Background: To assess whether the premorbid dietary intake of fatty acids, cholesterol, glutamate or antioxidants was associated with the risk of developing amyotrophic lateral sclerosis (ALS).
Methods: Patients referred to our clinic during 2001–2002, who had definite, probable or possible ALS according to El Escorial criteria, without a familial history of ALS, were asked to participate in a case–control study (132 patients and 220 healthy controls). A food-frequency questionnaire was used to assess dietary intake for the nutrients of interest. Multivariate logistic regression analysis was performed with adjustment for confounding factors (sex, age, level of education, energy intake, body mass index and smoking).
Results: A high intake of polyunsaturated fatty acid (PUFA) and vitamin E was significantly associated with a reduced risk of developing ALS (PUFA: odds ratio (OR) = 0.4, 95% confidence interval (CI) = 0.2 to 0.7, p = 0.001; vitamin E: OR = 0.4, 95% CI = 0.2 to 0.7, p = 0.001). PUFA and vitamin E appeared to act synergistically, because in a combined analysis the trend OR for vitamin E was further reduced from 0.67 to 0.37 (p = 0.02), and that for PUFA from 0.60 to 0.26 (p = 0.005), with a significant interaction term (p = 0.03). The intake of flavonols, lycopene, vitamin C, vitamin B2, glutamate, calcium or phytoestrogens was not associated with the risk of developing ALS.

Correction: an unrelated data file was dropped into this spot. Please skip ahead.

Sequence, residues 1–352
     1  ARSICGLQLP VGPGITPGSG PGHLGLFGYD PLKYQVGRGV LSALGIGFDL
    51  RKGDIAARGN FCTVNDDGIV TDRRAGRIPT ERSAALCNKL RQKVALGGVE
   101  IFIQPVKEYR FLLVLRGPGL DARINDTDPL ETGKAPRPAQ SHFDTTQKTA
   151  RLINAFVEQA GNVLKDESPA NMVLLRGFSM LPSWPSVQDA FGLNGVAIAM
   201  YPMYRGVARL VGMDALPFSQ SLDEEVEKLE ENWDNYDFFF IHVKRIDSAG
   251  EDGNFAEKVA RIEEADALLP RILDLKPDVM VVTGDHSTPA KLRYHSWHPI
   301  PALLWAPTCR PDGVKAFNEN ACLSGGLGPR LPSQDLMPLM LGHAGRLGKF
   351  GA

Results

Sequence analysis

Conclusion: A high intake of PUFAs and vitamin E is associated with a 50–60% decreased risk of developing ALS, and these nutrients appear to act synergistically.
- ALS, amyotrophic lateral sclerosis
- BMI, body mass index
- PUFA, polyunsaturated fatty acid
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